Well, I had to make a gif with Pikachu eventually. :P I used some Blur and Glow effects for some fun (and coolness). Try opening it in a new tab if it doesn’t want to play smoothly.
Made in Toonboom Animate.
cool i guess
uhh why did pics of the csssa laundry room with like 1000 notes just appear on my dash?
I think this is the first time I have made such a big impact on students’ lives. Through this empowerment program I was able to watch my first group of students improve so quickly and put so much effort into our lessons. Its an ineffable feeling of pride and maybe wonder to be a part of such an important thing to them.
busy internship means no time to blog, which is fine with me but maybe not you guys my friends :) i will be back later!
soooo I have exciting news…
A few months ago, a fellow CSSSA 2013 alum, Hannah Yerington, approached me about doing some illustrations for a poetry book she was making. Her book is a collection of her own poetry, with themed sections: Seeds, Sprouts, and Flowers. I made illustrations for her to fit with each theme.
The book was just published, and it’s very lovely and gorgeous and I’m very thankful to have worked with her on it! I am now a published illustrator, and that’s pretty amazing!!
The book is for sale on her website (link below) if you’d like to buy one, or read some of her lovely poetry!
Hannah was my roomie at CSSSA and I must testify she is a wonderful person and a beautiful writer!
Jackie is a pixie-rocking CSSSA animation alum who is going to do great things in the animation world!
Im so proud of them both and Im looking forward to my own copy of the book!!
Lavoisier is having none of your shit.
Heeeey so fun fact: the woman in that painting is Lavoisier’s wife, Marie-Anne Pierrette Paulze, who not only acted as Lavoisier’s lab assistant but also translated English and Latin texts into French so he could read them. But she didn’t just translate, she pointed out errors in the chemistry in some of the texts. Her observations of these errors convinced Lavoisier to study combustion, which led to his discovery of oxygen. She was also critical to the publication of Lavoisier’s Elementary Treatise on Chemistry in 1789. She kept strict records of every experiment they conducted together and drew detailed diagrams of all their equipment. She also threw amazing parties and invited all the brightest minds in science so her husband could pick their brains. After Lavoisier was guillotined she secured all of his notebooks and equipment for posterity.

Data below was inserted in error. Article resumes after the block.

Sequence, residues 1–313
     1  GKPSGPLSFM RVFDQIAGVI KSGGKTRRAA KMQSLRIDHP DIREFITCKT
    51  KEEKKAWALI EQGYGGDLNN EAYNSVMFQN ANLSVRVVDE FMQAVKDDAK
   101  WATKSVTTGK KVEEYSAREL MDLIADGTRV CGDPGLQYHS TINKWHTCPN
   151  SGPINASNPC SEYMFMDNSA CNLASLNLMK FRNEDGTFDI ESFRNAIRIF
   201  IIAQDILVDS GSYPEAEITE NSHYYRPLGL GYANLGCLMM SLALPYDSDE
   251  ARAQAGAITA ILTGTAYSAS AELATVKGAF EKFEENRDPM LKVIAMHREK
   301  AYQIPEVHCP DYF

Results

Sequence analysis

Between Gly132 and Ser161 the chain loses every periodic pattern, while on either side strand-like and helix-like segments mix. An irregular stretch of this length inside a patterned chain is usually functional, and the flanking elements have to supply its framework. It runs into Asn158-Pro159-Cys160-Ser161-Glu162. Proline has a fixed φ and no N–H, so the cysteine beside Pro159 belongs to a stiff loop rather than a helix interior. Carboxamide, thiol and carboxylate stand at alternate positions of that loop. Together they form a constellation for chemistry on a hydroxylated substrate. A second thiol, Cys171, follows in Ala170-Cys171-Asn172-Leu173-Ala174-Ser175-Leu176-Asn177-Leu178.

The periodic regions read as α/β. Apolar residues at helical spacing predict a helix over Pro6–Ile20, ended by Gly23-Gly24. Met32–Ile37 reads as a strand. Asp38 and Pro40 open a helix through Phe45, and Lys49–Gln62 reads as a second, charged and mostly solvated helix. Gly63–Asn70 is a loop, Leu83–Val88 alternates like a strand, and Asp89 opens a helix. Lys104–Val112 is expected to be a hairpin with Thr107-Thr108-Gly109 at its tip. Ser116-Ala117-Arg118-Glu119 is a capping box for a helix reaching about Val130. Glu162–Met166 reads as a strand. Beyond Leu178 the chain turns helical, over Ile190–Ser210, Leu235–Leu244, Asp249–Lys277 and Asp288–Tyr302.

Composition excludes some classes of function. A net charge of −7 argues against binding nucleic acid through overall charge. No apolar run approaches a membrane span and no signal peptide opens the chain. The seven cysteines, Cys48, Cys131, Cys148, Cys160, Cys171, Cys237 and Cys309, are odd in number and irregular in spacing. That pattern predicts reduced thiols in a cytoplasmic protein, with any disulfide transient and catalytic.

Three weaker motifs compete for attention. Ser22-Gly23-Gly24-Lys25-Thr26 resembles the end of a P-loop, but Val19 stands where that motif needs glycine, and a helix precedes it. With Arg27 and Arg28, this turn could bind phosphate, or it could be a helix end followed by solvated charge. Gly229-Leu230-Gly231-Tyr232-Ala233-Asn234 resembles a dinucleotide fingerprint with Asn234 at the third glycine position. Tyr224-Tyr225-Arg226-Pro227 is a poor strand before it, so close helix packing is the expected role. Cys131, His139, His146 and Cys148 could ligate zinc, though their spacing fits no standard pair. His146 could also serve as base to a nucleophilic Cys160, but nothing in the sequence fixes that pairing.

In short: NOBODY KICKS MADAME LAVOISIER OUT OF THE LAB.
Also, a side note: My historian husband-to-be pointed some things out to me about this painting. Notice that Madame Lavoisier is looking at the viewer, and all the light is on her, while Lavoisier himself is physically smaller than her, in shadow, and looking up to her in reverence. This isn’t a candid photograph- all of these choices are deliberate. The painting isn’t of Lavoisier- Madame Lavoisier is meant to be the central subject.
I can just imagine Lavoisier telling all his colleagues that his wife is really the one with all the clever ideas, and them patting him on the back and telling him he’s sweet for saying so.
I LOVE IT
can firebenders bend hot people
18k notes and i still havent got a simple “yes/no” i fucking hate this website
I WANT THIS ON A SHIRT
Now this is going on YouTube and you look like an ass!
- All living creatures, fictional or not, have anatomy. Equally true of an amoeba, an angle worm, a mastodon , and a Grinch.